Research News


Visualizing the Current Distribution Inside Fuel Cells and Achieving Stable Operation via Non-Destructive Diagnostics Using Magnetic Sensors

image picture Image by Kaca Skokanova/Shutterstock

Researchers from the University of Tsukuba have developed a method for the real-time visualization of the current distribution inside a fuel cell through non-destructive diagnostics using magnetic sensors. The researchers have clarified that, in contrast to voltage, the current distribution has a recovery delay. In addition, the researchers have realized a control system that enables the stable operation of fuel cells using only the current distribution as a control index.

Tsukuba, Japan—Fuel cells are attracting attention as a clean energy source technology because the cells do not produce carbon dioxide and emit only water during power generation. However, two contradictory phenomena can hamper their performance: flooding, wherein water remains inside the fuel cell and interferes with power generation, and dry-out, wherein an excess of water is removed and the polymer membrane, through which hydrogen ions permeate, dries out. To detect such issues, various devices and sensors have been used in analyses based on substantial amounts of data.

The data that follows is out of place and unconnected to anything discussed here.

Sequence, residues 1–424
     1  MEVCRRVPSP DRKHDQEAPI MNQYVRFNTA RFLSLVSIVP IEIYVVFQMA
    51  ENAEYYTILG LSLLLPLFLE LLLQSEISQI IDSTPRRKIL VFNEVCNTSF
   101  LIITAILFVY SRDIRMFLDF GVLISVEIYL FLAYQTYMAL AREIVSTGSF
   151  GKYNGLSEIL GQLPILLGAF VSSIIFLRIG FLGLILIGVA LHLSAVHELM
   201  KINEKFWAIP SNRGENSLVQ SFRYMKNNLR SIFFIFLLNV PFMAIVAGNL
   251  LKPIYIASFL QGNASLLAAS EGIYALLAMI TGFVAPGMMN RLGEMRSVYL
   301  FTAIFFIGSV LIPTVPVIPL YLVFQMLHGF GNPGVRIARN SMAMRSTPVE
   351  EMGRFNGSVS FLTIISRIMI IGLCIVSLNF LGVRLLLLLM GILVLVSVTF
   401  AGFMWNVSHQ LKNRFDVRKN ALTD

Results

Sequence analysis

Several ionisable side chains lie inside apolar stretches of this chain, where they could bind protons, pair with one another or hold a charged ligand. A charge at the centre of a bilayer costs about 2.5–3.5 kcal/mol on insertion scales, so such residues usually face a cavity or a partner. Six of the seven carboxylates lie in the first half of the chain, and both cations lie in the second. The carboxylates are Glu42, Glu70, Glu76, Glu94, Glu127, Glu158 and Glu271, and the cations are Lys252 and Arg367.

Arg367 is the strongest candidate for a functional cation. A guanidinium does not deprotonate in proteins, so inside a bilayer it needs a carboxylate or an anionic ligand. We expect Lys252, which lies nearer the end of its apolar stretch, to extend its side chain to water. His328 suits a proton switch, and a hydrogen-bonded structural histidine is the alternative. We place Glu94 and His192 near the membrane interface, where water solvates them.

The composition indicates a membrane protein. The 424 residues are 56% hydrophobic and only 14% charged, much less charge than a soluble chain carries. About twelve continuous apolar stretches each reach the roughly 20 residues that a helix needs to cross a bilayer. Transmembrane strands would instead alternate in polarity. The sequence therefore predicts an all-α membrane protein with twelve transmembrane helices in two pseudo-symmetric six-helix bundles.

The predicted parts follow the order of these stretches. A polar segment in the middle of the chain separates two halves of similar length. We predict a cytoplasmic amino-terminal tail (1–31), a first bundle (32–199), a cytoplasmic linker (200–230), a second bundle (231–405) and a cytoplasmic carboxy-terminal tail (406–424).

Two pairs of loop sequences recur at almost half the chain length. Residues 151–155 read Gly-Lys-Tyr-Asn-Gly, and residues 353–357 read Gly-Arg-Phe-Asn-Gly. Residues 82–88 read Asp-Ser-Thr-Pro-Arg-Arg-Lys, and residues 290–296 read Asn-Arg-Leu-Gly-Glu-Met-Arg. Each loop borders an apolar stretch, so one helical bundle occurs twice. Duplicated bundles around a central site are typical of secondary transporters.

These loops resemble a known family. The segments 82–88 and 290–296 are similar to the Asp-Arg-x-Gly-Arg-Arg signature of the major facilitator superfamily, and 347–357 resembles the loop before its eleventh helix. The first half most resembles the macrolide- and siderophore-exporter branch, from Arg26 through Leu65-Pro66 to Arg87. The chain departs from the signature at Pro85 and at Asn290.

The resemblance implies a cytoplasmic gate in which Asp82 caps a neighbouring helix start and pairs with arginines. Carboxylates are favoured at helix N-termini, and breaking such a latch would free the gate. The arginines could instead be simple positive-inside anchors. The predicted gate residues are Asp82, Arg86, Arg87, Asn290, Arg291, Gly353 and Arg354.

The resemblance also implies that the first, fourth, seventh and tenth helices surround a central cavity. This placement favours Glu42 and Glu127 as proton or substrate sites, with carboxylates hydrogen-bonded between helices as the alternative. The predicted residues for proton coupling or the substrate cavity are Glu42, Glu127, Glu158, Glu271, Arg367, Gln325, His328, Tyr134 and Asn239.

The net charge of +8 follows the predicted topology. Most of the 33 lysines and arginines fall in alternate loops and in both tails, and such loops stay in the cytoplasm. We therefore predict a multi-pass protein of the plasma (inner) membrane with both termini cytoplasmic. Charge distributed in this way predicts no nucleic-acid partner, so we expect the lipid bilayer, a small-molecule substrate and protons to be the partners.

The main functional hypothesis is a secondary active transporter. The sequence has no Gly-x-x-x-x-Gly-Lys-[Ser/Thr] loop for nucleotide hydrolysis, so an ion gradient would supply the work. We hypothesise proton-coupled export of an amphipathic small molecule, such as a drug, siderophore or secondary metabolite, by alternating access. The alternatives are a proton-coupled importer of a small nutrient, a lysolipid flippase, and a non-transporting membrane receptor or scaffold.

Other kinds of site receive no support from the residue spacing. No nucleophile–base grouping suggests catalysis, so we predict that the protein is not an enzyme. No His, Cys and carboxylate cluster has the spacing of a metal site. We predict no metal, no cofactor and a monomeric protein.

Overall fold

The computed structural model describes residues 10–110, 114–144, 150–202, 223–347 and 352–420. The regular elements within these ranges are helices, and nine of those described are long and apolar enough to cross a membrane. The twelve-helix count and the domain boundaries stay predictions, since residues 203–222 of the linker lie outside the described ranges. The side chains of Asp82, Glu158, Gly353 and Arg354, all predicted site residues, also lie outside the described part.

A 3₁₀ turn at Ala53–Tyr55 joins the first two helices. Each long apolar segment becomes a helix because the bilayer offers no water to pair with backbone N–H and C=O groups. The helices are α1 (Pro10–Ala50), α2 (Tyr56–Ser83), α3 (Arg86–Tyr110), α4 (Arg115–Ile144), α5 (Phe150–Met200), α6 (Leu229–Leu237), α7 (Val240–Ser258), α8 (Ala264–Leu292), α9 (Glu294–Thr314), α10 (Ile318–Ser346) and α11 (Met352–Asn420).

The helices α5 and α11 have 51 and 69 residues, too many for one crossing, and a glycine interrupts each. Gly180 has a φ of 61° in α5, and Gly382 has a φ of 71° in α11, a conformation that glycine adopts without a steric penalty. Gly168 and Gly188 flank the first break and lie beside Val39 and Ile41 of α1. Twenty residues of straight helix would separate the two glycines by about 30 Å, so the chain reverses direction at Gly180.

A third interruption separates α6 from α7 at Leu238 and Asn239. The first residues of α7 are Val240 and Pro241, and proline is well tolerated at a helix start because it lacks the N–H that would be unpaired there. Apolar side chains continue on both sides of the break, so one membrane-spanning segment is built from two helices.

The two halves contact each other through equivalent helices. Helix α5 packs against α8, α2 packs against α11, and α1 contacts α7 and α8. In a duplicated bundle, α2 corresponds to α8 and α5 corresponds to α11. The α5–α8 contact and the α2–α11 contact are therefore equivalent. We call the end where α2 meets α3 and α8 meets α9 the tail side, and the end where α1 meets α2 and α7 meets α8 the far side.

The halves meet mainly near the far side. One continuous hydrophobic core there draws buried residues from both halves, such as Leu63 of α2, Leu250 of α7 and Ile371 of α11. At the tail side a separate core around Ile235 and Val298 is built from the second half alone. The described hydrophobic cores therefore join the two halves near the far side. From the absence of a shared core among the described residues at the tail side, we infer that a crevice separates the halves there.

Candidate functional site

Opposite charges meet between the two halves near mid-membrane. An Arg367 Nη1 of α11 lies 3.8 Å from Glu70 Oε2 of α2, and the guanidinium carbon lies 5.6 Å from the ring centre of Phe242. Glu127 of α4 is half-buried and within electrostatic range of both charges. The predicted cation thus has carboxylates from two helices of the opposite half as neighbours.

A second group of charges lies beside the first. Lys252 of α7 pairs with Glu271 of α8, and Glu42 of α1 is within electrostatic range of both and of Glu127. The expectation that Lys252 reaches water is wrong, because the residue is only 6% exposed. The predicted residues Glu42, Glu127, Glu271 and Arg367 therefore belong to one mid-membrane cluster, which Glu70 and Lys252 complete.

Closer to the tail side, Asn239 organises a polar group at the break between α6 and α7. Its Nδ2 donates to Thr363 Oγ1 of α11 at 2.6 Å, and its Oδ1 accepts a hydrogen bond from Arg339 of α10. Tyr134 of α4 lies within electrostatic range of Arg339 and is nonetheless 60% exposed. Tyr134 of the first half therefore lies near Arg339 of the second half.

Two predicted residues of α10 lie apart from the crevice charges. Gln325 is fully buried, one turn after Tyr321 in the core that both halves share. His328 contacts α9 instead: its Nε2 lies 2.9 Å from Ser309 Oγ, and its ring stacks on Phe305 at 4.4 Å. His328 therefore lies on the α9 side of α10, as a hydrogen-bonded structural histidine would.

This research team has been investigating a method for detecting and controlling fuel cell malfunctions using magnetic sensors. By improving the diagnostic method, the team developed a system to visualize and control the current distribution in the fuel cell in real time. Consequently, the researchers found that control based on voltage indices stabilizes voltage, while the current distribution is biased in the same manner as a malfunction. However, a simple control method based solely on the current distribution kept the current distribution in the fuel cell constant, enabling the fuel cell to operate in a stable state.

In future research, the aim is to establish a comprehensive fuel cell diagnostic and control system with the objective of incorporating this method into real-world fuel cell systems.

This work was supported by JSPS KAKENHI [grant number 17K14650], TEPCO Memorial Foundation, Mazda Foundation, and Az-bil Yamatake General Foundation.

Original Paper

Title of original paper:
In-situ on-board evaluation and control of proton exchange membrane fuel cells using magnetic sensors
Applied Energy


Assistant Professor AKIMOTO Yutaro
Institute of Systems and Information Engineering, University of Tsukuba

Professor SUZUKI Shin-nosuke
Department of Innovative Electrical and Electronic Engineering, Oyama College, National Institute of Technology

Related Link

Institute of Systems and Information Engineering (in Japanese)

Celebrating the 151st 50th Anniversary of the University of Tsukuba
Celebrating the 151st 50th Anniversary of the University of Tsukuba